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Etiquette 101: Whose name should be first, the husband’s or the wife’s?

8 Jan

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My interest in “paper etiquette” started in college as I began more frequent correspondence via letter with family and friends and increased as I began my professional careerโ€” you have to know who to address and how in any business. But I think my real education grew exponentially as I planned my wedding. (There are SO MANY RULES to consider. It’s a nightmare.) And lest you think I nailed it all perfectly, I can assure you, I did not.

Some might think that attention to etiquette today is completely antiquated, but I’ve always believed that the intention of following such rules is politeness and if there is one thing I pride myself on, it’s politeness. The subject of whose name should be written first has come up within our own family conversations over the years so when it resurfaced this holiday season, I decided to do a little research to learn if there is a rule for the correct order to writing a husband and wife’s name. Here’s what I learned:

Outside of the traditional, formal “Mr. & Mrs. John Doe”, the wife’s name is ALWAYS first when using first names: “Jane and John Doe” (1). In social importance, the woman is always first, then males, then children. Traditionally, the man’s first and surnames are never separated. The confused idea of the man’s name first (John and Jane Doe or Mr. John Doe and Ms. Jane Smith) is neither traditional nor appropriate.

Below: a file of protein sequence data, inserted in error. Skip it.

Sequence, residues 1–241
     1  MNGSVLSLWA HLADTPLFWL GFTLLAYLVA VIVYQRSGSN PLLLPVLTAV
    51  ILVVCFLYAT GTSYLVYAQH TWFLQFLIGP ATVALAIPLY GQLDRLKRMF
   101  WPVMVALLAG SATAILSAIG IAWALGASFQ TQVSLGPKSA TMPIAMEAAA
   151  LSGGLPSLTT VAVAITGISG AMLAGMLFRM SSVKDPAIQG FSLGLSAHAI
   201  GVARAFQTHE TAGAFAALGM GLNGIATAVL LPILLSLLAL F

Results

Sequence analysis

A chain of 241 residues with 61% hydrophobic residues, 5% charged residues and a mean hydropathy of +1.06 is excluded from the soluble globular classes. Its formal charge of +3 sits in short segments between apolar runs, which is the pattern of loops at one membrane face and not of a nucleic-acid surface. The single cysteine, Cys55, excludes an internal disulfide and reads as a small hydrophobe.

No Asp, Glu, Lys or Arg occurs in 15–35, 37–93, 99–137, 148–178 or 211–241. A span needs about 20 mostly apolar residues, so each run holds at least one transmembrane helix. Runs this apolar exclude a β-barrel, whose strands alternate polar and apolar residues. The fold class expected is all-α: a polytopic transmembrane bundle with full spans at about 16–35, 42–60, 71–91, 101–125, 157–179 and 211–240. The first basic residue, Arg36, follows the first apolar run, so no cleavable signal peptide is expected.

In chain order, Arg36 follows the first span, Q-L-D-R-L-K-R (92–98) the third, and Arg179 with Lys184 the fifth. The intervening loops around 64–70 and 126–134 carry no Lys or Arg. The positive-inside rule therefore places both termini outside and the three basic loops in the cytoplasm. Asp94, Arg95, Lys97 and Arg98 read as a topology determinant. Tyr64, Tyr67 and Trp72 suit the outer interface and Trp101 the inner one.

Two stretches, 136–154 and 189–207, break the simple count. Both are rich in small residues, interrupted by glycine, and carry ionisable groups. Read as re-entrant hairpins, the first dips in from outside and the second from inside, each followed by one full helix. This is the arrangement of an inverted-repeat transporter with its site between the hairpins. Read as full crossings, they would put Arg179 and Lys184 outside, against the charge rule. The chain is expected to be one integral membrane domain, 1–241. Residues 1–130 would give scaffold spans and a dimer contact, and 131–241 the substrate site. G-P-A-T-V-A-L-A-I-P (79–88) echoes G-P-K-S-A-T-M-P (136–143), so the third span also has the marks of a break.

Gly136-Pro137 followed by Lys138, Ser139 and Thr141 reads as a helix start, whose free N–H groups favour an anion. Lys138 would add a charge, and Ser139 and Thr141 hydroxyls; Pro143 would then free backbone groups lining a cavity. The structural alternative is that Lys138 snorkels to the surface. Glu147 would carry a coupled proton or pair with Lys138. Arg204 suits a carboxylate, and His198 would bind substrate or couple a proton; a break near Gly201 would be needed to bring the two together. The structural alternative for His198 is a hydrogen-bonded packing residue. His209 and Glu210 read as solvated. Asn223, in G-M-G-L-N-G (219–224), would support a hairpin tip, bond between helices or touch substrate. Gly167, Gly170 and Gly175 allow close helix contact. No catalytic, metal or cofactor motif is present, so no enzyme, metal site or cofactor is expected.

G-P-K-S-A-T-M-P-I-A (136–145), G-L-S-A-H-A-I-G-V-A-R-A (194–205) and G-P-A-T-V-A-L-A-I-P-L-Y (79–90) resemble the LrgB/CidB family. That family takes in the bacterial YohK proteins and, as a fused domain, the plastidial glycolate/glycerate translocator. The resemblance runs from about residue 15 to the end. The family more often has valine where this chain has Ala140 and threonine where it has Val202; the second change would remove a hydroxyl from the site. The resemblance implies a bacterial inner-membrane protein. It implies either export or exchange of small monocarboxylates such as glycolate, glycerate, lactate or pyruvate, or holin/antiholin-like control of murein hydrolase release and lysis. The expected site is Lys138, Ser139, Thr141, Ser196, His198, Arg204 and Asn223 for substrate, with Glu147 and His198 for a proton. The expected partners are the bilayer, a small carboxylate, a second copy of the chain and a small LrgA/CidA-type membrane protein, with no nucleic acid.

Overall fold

At Emilypost.com, she notes that traditionally, a man’s name was first on an envelope address (Mr. and Mrs. John Doe), and his first and surname were not separated (Jane and John Doe), but that “nowadays”, the order was irrelevant.

I beg to differ. Miss Manners’ Guide to Excruciatingly Correct Behavior and Crane’s Blue Book of Social Stationery either state outright or give examples consistent with the following:

Married Couples
– Formally: Mr. & Mrs. John Doe
– Informally: Jane and John Doe
– In which man is a doctor: Dr. & Mrs. John Doe
– In which woman is a doctor: Mr. and Mrs. John Doe or Dr. Jane Doe and Mr. John Doe
– In which both spouses are doctors: Dr. and Mrs. John Doe, or The Doctors Doe, or Dr. Jane Doe and Dr. John Doe

Interesting, right? I’d actually never read that about the husband’s first and surname never being separated, but have always preferred to list the woman’s name first out of respect. I don’t know why exactly but I think the fact that Brian (my husband) always holds open doors and ushers me ahead of him when we enter any room or restaurant,ย  (wasn’t it women and children first into the lifeboats when the Titanic sank? …just saying!), but balks when I try to make him walk ahead of me, has ingrained this sensitivity into me. Anyways, I’m glad I took the time to look into this so I finally know what is what.

Sources:

1 – Crane’s Blue Book of Social Stationery (2002) uses this for its examples (pages 89, 108, 110, 111, 112). “The woman’s name appears first” appears on 112, 113, among countless others.

Miss Manners Guide to Excruciatingly Correct Behavior (2005) states on page 603, “That gentlemen appear first in the traditional designation of a married couple, Mr and Mrs, should not be allowed to go to their heads. Given the choice whenever other forms are used, the lady’s name appears first. ”

Emilypost.com

http://wiki.answers.com/Q/When_writing_to_husband_and_wife_do_you_put_the_man%27s_name_first?#slide=2